Sorry is the hardest word26th February 2009
England's Chief Medical Officer Sir Liam Donaldson says the NHS needs to learn how to say sorry in a way that means something to patients.
Even in the best performing hospitals, patients can be inadvertently harmed. In developed countries, that is as high as one in 10 patients suffering as a result of medical error.
While a great deal of efforts is being put into reducing these errors, less work and attention is paid to the aftermath.
Hospitals often tend not to even admit mistakes, let alone explain the reasons behind them or apologise.
And even when an apology does come, how sincere is it?
The patient, or their family, needs to know that an apology means something to the person delivering it, that it is sincere and that it is delivered at the appropriate time.
Sometimes an apology is superficial, a statement to deflect criticism.
Yet a real apology has the power to transform. The person receiving the apology knows that they have been listened to, and that there is true regret.
Equally, apologies need to be followed by action. It is important that families know such a mistake will not be made again.
More leading healthcare organisations around the world are now operating and promoting a policy of 'open disclosure' which has met with a positive response from families.
The NHS has to continue to reduce errors, but when they do happen it has to be more open.
Sixty years after its establishment, the NHS needs to learn to apologise more often. Crucially, it also needs to learn to mean it.
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Wednesday 4th March 2009 @ 14:22
hopefully the NHS wont take long in sorting the way they handle mistakes.In the medical profession there seems to be an unspoken immunity when errors that could have been avoided occur.'these things happen' is a phrase I have heard before.I don't know of any other profession where mistakes would be tolerated.
Wednesday 4th March 2009 @ 15:45
The NHS has a long way to go on the way it handles complaints and this is tied in to customer service skills.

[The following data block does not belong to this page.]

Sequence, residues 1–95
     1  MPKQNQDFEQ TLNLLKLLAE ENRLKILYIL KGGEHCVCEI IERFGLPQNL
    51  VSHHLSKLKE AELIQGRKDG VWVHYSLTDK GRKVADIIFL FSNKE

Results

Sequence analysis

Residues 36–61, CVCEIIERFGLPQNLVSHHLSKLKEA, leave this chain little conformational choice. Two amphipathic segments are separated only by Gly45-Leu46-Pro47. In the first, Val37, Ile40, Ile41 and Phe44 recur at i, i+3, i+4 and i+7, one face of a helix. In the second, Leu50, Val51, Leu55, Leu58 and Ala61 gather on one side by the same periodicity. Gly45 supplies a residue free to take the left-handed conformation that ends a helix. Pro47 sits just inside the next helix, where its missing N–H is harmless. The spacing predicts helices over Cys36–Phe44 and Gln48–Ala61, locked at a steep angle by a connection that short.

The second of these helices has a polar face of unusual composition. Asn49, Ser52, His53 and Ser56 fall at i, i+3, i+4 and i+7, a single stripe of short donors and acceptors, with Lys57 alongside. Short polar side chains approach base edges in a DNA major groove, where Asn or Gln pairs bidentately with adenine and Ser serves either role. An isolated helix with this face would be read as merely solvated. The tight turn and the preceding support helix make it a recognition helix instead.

If they were to look at the hospitality industry the way in which staff are trained to handle complaints or small problems often results in them staying as small problems and even handled on the spot if an apology is given and sincerely meant.
All staff need to be trained in these skills and empowered to put things right for the customer if at all possible.
The problem for patients is that comments (not complaints) are not encouraged and staff often take a bad attitude towards a 'complainer'. This of course adds to the patient stress in an already unpleasant situation and gets relaid to many more service users.
Real complaints must identify the cause and if an apology is due it must be made in the spirit with which it should be intended by the appropriate level of staff. Its tough dealing with the public but they do pay for this service.
Monday 6th April 2009 @ 23:24
The idea of an apologetic NHS is curious for all of the reasons already highlighted. It is even more so when one considers the position with respect to ME and the farcical NICE Guidelines that have just been defended in the High Court.
They were defended despite the fact that anyone with any understanding whatsoever of research knows that the guidelines have no foundation in credible research. They appear to be founded solely on arrogant zeal and speculation. The so-called research proved nothing, and suggests that sections of the health professions do not understand how to conduct research, or have any idea what it means to put aside the predetermined conclusions. It may also suggest that those responsible have no intention of putting their prejudices aside, or giving way to someone who will.
That is not to mention the NHS Direct Guidelines, and other worse-than worthless propaganda promoting the same suppositions and dogma.
Dismissal of the plaintiffs’ case in the Judicial Review was met by NICE with a crowing statement that reinforced the false impression among the general public that sufferers had rejected perfectly sound guidelines. I find it very difficult to believe that the statement was made without knowledge that it was made in respect of a pyrrhic victory, arising from a system that makes a fair hearing next to impossible, in defence of groundless Guidelines.
It seems to me that this comes at least very close to willful negligence.
The question is, therefore, how can an organisation as arrogant as that (for, are not the NHS, NHS Direct, NICE and others, de facto, one organisation despite the vehement claims that they are independent?) be expected to apologise willingly, or with sincerity.
Sufferer for 27 years+ of illness sometimes called ME or CFS
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